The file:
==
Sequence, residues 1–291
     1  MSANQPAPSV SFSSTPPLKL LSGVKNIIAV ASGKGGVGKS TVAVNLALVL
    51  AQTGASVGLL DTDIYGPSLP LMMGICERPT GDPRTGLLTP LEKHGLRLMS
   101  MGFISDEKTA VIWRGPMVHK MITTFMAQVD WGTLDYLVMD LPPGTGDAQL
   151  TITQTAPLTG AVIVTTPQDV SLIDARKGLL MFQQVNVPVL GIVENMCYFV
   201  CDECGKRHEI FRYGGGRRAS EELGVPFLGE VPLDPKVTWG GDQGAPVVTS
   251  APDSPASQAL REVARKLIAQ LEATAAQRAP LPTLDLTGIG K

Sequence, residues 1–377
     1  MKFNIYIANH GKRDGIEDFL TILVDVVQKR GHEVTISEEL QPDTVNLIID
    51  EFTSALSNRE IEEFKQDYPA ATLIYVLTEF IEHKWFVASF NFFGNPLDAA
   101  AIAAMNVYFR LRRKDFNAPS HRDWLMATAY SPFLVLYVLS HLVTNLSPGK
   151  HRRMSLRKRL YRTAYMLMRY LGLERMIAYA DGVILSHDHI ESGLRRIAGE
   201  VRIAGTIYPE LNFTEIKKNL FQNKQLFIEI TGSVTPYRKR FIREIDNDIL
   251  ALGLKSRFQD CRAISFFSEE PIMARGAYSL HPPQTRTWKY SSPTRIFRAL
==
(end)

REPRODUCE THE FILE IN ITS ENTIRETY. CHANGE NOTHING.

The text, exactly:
Sequence, residues 1–291
     1  MSANQPAPSV SFSSTPPLKL LSGVKNIIAV ASGKGGVGKS TVAVNLALVL
    51  AQTGASVGLL DTDIYGPSLP LMMGICERPT GDPRTGLLTP LEKHGLRLMS
   101  MGFISDEKTA VIWRGPMVHK MITTFMAQVD WGTLDYLVMD LPPGTGDAQL
   151  TITQTAPLTG AVIVTTPQDV SLIDARKGLL MFQQVNVPVL GIVENMCYFV
   201  CDECGKRHEI FRYGGGRRAS EELGVPFLGE VPLDPKVTWG GDQGAPVVTS
   251  APDSPASQAL REVARKLIAQ LEATAAQRAP LPTLDLTGIG K

Sequence, residues 1–377
     1  MKFNIYIANH GKRDGIEDFL TILVDVVQKR GHEVTISEEL QPDTVNLIID
    51  EFTSALSNRE IEEFKQDYPA ATLIYVLTEF IEHKWFVASF NFFGNPLDAA
   101  AIAAMNVYFR LRRKDFNAPS HRDWLMATAY SPFLVLYVLS HLVTNLSPGK
   151  HRRMSLRKRL YRTAYMLMRY LGLERMIAYA DGVILSHDHI ESGLRRIAGE
   201  VRIAGTIYPE LNFTEIKKNL FQNKQLFIEI TGSVTPYRKR FIREIDNDIL
   251  ALGLKSRFQD CRAISFFSEE PIMARGAYSL HPPQTRTWKY SSPTRIFRAL